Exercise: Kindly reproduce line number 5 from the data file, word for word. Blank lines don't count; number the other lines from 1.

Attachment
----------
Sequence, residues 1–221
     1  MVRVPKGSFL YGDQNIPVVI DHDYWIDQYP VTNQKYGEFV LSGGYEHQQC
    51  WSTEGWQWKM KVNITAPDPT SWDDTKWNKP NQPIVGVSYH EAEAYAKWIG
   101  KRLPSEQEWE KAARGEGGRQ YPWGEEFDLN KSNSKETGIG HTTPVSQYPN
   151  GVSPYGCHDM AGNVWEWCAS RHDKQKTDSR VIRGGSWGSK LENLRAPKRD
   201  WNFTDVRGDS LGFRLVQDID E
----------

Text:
   151  GVSPYGCHDM AGNVWEWCAS RHDKQKTDSR VIRGGSWGSK LENLRAPKRD